Anytime you are in an automobile accident, your safety is the most important consideration.
Do your best to remain calm. If the accident is minor, look for a safe area away from traffic. If you notice anyone injured, then call 9-1-1 immediately.
Next, report the accident. For a collision accident on a public roadway the police should be called. The benefit of contacting the police is that there is official documentation. The benefit leans in favor of the not at fault driver, as there is notation to support their claim. The negative consequences of notifying the police are the time it takes for the police to arrive on the scene and the at fault driver is very likely to receive a ticket.
Additionally, contact your insurance company or agent to report the situation and make plans for any needed help. It may be helpful if you can take photos of the incident with your smartphone. Keep notes of what happened and exchange information with those involved (name, address, insurance carrier, and phone number of the other driver and any witnesses). If a police report is filed, this information will be collected as part of the report.
If you are the party at fault in the accident, remain at the scene and accept responsibility. Leaving the scene without contacting the police is considered a hit-and-run situation, which is illegal.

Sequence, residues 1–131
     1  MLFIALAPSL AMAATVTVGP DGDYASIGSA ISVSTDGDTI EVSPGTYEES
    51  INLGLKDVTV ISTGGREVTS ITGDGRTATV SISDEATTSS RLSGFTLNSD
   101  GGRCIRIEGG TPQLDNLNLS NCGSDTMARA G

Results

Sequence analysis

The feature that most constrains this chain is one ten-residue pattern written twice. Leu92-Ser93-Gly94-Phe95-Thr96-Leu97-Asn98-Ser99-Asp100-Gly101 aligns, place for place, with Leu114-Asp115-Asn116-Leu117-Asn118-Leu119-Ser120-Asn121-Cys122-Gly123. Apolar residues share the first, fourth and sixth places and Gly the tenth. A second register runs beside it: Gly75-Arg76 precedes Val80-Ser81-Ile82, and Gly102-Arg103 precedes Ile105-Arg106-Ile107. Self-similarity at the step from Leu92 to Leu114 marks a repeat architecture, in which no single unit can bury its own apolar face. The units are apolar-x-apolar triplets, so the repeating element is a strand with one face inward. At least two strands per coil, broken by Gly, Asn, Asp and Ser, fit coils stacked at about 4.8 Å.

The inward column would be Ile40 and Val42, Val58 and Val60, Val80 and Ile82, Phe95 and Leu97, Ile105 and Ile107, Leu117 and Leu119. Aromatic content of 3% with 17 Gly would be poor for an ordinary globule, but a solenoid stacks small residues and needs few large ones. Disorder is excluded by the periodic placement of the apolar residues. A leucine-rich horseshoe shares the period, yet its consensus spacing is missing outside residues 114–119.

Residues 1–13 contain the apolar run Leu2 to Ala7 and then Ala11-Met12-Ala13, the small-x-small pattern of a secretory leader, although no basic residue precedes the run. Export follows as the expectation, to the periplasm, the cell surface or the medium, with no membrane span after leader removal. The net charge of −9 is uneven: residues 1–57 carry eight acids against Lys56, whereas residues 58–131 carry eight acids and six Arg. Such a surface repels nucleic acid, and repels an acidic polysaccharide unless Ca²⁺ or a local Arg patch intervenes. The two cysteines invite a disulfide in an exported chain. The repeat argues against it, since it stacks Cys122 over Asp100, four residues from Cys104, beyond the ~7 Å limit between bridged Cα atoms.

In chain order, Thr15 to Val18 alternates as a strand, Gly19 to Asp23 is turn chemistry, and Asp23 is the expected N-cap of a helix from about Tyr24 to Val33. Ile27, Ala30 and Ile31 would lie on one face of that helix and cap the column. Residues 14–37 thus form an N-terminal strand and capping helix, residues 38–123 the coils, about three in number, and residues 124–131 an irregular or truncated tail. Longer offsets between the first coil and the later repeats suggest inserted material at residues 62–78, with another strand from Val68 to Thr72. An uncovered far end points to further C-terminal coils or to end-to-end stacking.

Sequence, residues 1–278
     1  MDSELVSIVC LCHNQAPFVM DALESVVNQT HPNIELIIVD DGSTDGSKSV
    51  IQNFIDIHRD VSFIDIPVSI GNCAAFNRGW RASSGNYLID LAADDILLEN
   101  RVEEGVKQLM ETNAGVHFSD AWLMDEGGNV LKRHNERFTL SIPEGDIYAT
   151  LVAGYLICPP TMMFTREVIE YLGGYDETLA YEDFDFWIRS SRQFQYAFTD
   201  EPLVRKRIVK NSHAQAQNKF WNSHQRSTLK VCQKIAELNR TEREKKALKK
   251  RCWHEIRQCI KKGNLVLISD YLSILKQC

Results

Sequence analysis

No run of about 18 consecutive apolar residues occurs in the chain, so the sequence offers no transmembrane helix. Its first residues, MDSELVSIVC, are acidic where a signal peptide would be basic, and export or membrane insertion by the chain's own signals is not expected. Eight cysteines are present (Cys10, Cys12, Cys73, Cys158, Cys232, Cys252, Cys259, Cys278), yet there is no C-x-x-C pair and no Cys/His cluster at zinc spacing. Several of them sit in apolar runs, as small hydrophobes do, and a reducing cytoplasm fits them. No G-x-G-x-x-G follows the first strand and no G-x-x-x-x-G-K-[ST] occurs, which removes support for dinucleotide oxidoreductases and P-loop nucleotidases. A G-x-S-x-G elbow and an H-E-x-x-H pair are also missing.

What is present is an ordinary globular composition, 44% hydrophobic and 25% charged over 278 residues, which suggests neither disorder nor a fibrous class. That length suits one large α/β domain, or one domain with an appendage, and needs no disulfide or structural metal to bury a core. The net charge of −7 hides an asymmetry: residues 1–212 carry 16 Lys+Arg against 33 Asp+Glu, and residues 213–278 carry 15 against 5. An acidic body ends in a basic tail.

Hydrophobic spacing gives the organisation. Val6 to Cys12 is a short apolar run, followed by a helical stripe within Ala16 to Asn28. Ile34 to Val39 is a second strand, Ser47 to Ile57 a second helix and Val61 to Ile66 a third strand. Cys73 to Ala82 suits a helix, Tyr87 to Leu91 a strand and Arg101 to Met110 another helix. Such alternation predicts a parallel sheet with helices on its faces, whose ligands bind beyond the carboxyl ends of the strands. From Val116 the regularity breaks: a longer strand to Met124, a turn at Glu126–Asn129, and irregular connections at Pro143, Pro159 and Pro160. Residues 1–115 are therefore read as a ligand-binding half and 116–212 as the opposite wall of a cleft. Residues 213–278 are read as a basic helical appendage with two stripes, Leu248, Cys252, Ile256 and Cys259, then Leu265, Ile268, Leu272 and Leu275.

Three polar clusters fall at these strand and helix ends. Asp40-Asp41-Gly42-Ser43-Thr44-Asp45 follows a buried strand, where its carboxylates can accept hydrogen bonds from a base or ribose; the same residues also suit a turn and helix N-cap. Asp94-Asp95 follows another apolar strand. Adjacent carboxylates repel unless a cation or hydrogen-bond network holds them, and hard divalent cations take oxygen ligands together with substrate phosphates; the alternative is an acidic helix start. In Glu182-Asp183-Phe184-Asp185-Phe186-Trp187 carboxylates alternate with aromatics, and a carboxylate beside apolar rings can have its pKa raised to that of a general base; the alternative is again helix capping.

When speaking with others it is recommended not to give personal information to those other than the other driver, police, or medical personnel. Avoid discussing fault when speaking with the other driver.
Do not provide information to anyone showing up at your home or calling you, unless you can verify their identity. If you are contacted at the scene or at the hospital by someone unfamiliar to you asking about potential injuries, contact your insurance agent immediately.
The State of Michigan provides a consumer guide for details of auto insurance. http://tinyurl.com/MichNoFault.
Contact our office to review your insurance questions or learn more about the many benefits of AAA membership.